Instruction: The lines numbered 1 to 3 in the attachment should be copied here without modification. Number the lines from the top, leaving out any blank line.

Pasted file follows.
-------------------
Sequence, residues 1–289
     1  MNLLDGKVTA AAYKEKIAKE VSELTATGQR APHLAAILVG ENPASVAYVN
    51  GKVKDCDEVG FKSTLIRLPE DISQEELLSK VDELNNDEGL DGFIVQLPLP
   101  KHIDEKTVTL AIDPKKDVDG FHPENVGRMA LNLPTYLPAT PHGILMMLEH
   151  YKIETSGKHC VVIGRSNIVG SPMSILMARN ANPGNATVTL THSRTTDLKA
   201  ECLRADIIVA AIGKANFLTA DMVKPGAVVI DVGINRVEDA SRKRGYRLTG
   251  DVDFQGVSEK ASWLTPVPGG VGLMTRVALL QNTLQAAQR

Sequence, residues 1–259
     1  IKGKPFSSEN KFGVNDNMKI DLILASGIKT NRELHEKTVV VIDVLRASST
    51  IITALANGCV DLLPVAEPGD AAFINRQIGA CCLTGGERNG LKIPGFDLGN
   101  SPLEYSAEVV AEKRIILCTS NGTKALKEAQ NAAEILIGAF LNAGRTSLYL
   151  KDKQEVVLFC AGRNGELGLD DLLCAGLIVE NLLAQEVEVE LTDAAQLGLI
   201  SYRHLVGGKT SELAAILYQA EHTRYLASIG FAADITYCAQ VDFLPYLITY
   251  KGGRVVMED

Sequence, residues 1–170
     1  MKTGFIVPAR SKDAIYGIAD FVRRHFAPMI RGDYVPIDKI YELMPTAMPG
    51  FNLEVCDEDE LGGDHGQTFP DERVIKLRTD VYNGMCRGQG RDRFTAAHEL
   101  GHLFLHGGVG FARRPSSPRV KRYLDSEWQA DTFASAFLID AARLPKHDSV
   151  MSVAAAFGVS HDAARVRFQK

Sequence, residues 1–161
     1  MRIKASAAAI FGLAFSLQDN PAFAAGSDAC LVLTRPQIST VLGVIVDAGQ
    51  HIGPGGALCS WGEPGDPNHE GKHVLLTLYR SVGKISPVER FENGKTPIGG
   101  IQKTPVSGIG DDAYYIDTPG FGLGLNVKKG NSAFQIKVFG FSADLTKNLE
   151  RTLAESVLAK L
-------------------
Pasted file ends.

Sequence, residues 1–289
     1  MNLLDGKVTA AAYKEKIAKE VSELTATGQR APHLAAILVG ENPASVAYVN
    51  GKVKDCDEVG FKSTLIRLPE DISQEELLSK VDELNNDEGL DGFIVQLPLP